Wednesday 9:30 Class
4 February 2010
"Hail, the King of England!"
It was a beautiful, crystal clear Christmas morning in Londontown. As the massive church bells started to ring clearly through the cold, frosty air, the vast amount of people in the streets at that time all started to rush through the slushy snow towards the now wide, open doors of the glorious church. The children followed behind. Among this vast amount of people was Sir Ector, a very elderly, respected, and valiant knight. His two sons were with him, Arthur and Sir Kay. Sir Kay, who had brownish, curly hair, was somewhat like his father, but he had the tendency to speak before he thought. Fortunately, Arthur was almost the exact opposite of his brother. He was quiet, and being Sir Ector's squire, liked it that way. As this miniscule group shuffled into the church, Sir Ector asked his older son, "What do you think of Merlin's prediction?" Merlin was a wizard. He had made a prediction. The king would be revealed.
"All I've got to say is that crazy old dingba"
"Quiet. Not here!" exclaimed Sir Ector.
"I think that Merlin is right. I think it will be interesting to see how he chooses the king," spoke Arthur carefully.
"Thank you, my son," sighed Sir Ector.
This tiny group rushed into the reverent church, a little later than expected, and the priest was droning on monotonously. However, everyone in the church was wide awake and listening, waiting impatiently for something wonderful to happen. It did. A massive bang, accompanied by a blinding flash of light, caused everyone to huddle in their seats, waiting for someone to explain what happened. Forgetting about the Mass, they slowly crept to the door of the church and shaking, peeked outside. In the middle of the courtyard, a gleaming sword was stuck in a large, rounded stone. The stone, which was stuck on top of a large, black anvil, had the majestic words inscribed, "WHOSO PULLETH THE SWORD OUT OF THIS STONE IS RIGHTWISE THE KING OF ENGLAND."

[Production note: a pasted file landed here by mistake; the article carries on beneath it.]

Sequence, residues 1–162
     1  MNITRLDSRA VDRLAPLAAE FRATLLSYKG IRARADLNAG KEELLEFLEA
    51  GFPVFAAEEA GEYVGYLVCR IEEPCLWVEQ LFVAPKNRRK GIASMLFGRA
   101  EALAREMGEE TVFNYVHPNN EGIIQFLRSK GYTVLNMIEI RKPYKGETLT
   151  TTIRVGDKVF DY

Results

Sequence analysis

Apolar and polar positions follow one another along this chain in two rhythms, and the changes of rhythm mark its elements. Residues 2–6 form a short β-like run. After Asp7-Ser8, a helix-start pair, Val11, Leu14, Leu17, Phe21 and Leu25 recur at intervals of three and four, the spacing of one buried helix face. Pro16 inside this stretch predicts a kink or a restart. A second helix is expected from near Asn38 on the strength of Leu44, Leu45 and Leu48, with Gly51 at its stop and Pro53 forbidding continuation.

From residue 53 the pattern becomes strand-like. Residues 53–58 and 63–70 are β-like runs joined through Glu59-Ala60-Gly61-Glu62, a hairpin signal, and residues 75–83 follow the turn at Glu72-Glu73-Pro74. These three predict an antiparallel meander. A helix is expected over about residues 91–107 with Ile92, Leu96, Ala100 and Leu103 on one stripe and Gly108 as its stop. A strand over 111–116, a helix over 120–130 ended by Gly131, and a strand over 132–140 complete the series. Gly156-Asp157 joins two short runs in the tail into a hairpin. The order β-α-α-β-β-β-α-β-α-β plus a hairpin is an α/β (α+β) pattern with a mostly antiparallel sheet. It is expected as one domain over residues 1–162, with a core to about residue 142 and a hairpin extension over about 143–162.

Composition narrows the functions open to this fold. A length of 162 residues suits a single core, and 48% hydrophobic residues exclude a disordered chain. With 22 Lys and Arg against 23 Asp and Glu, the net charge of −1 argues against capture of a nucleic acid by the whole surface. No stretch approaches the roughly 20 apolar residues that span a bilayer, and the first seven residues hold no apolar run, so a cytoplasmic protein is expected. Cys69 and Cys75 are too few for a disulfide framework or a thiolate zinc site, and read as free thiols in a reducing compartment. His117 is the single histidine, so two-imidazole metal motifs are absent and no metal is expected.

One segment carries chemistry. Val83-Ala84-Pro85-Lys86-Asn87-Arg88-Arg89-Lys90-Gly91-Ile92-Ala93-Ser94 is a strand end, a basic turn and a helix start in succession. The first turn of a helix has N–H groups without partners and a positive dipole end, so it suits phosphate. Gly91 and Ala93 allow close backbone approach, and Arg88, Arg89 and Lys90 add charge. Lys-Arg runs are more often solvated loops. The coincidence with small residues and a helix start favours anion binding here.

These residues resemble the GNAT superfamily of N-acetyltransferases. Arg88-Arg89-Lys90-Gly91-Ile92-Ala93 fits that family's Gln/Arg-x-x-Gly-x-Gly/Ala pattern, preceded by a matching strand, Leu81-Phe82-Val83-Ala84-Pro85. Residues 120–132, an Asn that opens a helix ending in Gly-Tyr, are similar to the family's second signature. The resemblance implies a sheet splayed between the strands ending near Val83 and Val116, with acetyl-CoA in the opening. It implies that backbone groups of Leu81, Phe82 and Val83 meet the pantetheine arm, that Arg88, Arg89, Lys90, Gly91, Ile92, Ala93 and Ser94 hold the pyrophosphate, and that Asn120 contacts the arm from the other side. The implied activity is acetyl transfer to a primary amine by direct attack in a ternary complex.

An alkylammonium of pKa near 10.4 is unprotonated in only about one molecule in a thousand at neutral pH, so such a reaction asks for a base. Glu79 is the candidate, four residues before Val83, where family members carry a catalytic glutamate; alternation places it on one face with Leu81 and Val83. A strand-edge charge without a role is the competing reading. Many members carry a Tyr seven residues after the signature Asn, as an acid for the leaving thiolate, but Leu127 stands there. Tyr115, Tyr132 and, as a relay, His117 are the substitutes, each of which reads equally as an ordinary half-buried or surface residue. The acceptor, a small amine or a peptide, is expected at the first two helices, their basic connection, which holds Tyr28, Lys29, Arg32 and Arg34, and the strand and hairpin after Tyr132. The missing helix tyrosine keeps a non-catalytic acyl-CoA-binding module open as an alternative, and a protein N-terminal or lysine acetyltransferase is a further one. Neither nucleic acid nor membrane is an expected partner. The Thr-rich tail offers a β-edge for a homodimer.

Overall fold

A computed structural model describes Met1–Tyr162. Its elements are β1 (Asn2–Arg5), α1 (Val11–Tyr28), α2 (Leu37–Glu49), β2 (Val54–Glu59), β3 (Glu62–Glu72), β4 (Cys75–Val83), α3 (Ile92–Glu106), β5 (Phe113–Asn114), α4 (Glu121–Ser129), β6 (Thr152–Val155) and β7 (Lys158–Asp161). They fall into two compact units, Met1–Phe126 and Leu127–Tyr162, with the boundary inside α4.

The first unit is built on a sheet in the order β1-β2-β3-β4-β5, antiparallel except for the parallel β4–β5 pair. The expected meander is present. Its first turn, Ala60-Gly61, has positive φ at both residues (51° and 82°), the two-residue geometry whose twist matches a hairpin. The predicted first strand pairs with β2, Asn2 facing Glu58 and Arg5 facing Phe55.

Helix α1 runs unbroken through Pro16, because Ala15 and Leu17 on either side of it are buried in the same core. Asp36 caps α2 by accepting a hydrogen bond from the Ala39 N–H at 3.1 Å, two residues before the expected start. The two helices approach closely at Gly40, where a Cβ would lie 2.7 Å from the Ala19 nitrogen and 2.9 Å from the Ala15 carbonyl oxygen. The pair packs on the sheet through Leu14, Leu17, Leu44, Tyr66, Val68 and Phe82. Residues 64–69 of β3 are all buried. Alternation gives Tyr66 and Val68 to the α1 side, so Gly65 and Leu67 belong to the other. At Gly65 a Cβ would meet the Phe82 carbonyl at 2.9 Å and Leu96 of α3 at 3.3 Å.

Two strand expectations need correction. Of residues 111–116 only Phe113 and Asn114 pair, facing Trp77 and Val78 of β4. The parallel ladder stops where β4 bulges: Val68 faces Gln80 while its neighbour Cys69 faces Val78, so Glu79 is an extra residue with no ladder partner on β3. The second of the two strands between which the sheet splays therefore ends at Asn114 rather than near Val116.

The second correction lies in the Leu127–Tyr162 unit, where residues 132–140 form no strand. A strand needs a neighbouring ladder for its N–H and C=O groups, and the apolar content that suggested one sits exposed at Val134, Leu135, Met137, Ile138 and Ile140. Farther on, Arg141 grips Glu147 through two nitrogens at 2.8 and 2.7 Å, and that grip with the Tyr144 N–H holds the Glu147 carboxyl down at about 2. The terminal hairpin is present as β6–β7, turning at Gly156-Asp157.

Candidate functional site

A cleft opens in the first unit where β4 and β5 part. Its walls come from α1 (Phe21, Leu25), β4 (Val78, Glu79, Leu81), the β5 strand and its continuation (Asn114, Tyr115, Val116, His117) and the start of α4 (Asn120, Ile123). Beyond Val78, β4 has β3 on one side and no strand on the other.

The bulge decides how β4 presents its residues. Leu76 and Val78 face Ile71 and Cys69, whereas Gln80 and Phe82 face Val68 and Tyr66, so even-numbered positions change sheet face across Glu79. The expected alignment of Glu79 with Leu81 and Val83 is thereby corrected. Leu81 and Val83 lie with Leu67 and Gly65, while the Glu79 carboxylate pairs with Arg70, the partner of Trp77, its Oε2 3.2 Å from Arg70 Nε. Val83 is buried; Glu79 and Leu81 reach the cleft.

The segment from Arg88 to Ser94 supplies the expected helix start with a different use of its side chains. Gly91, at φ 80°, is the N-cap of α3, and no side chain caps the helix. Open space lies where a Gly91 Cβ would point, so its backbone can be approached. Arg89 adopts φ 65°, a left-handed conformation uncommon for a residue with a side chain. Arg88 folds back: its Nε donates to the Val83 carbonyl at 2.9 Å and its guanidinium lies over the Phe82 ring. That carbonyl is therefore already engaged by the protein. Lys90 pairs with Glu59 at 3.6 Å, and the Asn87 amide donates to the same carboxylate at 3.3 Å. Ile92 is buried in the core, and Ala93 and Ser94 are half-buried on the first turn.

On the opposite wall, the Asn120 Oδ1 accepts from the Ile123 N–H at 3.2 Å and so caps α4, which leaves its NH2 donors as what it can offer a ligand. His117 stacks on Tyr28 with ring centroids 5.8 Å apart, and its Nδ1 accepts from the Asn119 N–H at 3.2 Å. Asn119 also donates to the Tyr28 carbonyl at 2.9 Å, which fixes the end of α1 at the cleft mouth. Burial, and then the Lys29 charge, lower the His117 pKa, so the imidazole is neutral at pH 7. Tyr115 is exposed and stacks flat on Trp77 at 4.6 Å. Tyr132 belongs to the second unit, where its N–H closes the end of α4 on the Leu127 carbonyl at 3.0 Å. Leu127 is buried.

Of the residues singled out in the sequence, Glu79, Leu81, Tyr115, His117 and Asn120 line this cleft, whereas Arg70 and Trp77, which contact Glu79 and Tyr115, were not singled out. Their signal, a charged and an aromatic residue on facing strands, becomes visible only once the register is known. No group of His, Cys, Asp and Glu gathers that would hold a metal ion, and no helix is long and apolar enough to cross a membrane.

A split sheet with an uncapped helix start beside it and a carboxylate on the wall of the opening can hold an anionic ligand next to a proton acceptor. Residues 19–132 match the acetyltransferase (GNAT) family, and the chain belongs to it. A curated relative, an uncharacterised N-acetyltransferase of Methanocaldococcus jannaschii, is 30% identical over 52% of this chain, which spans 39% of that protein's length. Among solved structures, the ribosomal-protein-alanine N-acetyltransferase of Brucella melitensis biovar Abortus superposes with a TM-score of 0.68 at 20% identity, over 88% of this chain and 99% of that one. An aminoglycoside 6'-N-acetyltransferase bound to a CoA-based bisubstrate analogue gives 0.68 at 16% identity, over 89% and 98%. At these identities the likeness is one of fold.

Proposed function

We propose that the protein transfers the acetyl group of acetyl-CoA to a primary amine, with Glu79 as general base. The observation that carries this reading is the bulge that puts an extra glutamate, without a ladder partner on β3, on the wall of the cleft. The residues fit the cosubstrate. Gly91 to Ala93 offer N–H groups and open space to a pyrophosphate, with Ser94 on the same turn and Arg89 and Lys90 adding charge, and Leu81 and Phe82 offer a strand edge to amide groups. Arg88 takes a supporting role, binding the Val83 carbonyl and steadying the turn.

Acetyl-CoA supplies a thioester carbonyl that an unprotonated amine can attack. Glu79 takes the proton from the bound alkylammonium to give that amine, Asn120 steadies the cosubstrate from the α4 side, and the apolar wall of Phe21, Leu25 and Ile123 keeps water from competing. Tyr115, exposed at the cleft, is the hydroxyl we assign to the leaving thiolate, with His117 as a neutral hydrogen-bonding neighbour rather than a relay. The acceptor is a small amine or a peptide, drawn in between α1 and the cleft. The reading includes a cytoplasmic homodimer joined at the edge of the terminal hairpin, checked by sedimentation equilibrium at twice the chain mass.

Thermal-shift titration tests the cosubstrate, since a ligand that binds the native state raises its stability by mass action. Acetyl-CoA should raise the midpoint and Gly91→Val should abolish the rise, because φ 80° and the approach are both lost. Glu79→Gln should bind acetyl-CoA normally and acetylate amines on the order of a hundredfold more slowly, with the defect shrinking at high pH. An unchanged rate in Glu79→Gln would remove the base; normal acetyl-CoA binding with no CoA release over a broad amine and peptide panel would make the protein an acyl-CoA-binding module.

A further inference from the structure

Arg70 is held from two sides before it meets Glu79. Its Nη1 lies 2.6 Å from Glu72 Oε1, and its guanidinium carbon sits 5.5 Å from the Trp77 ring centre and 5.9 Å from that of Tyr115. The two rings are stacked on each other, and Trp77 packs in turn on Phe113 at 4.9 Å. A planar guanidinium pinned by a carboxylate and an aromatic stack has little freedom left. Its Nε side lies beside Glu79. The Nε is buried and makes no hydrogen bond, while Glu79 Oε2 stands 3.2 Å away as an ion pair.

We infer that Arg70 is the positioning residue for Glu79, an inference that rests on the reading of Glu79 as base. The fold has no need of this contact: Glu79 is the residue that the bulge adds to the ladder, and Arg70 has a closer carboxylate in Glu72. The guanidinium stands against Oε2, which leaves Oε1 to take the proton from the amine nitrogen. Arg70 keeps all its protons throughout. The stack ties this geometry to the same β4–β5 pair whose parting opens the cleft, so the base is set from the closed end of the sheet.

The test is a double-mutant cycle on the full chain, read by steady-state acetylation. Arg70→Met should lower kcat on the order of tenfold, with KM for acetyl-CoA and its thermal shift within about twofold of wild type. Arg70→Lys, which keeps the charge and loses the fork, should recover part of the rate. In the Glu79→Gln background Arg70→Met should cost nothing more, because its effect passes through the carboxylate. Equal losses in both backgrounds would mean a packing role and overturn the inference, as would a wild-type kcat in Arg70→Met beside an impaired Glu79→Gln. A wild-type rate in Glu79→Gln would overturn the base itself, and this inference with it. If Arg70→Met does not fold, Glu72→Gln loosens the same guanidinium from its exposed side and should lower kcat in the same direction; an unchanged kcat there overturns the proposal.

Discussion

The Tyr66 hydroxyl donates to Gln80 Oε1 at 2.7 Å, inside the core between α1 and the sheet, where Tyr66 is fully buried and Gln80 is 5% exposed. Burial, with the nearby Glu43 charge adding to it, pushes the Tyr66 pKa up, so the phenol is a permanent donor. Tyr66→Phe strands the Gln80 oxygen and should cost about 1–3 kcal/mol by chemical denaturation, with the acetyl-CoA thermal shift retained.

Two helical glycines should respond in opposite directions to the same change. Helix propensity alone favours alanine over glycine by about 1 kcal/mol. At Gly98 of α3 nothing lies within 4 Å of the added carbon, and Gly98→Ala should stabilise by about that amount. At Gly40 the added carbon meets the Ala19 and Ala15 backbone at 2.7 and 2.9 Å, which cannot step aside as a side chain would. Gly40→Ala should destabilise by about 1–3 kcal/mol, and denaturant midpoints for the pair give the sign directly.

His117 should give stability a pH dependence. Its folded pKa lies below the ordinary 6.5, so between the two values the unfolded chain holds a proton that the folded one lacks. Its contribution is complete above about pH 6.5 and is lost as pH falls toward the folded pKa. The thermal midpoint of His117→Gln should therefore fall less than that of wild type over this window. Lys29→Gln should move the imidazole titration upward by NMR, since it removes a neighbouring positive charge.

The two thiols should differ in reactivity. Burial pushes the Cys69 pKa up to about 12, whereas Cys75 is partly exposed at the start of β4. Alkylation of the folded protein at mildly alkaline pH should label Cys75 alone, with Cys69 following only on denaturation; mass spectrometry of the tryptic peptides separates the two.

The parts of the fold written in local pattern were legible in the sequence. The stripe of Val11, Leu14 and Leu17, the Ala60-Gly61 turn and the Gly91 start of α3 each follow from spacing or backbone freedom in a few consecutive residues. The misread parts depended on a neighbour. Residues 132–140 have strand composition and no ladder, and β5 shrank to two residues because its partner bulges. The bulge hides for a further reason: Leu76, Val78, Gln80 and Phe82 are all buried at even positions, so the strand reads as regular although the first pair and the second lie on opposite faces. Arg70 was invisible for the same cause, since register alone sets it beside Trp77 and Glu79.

Intrepidly, every single knight there tried. As they rode up to the stone, they all boasted, "This is so easy. I'll have the sword in the stone in no time." However, their strength was soon exhausted and without result.
Grumbling, they shuffled away, "It was an old wizard's trick. I was foolish to try." Arthur watched in amazement at the amount of people failing to do as the stone had commanded, but he never actually considered trying himself. He was not a knight.
"Our king is obviously not here," said the Archbishop, "And so we must tell every knight in the land about the sword in the stone."
Later in the year, it was decided that on New Year's Day, there would be a tournament in Londontown, after which the knights would intrepidly try to pull the sword
out of the stone. Once again, the group of Sir Kay, Sir Ector, and Arthur made their way into Londontown for the massive tournament. As Sir Kay's turn to fight drew near,
Arthur helped Sir Kay put his armor on. Gasping and heaving with effort, Sir Kay finally got the heavy and impeccable armor on.
It was all going along quite well until Sir Kay commanded, "Now, hand me my sword."
"Oh my gosh, the sword!" Arthur gasped, "I must have left it at the inn!"
"Go and get it," Sir Kay roared, "And hurry!"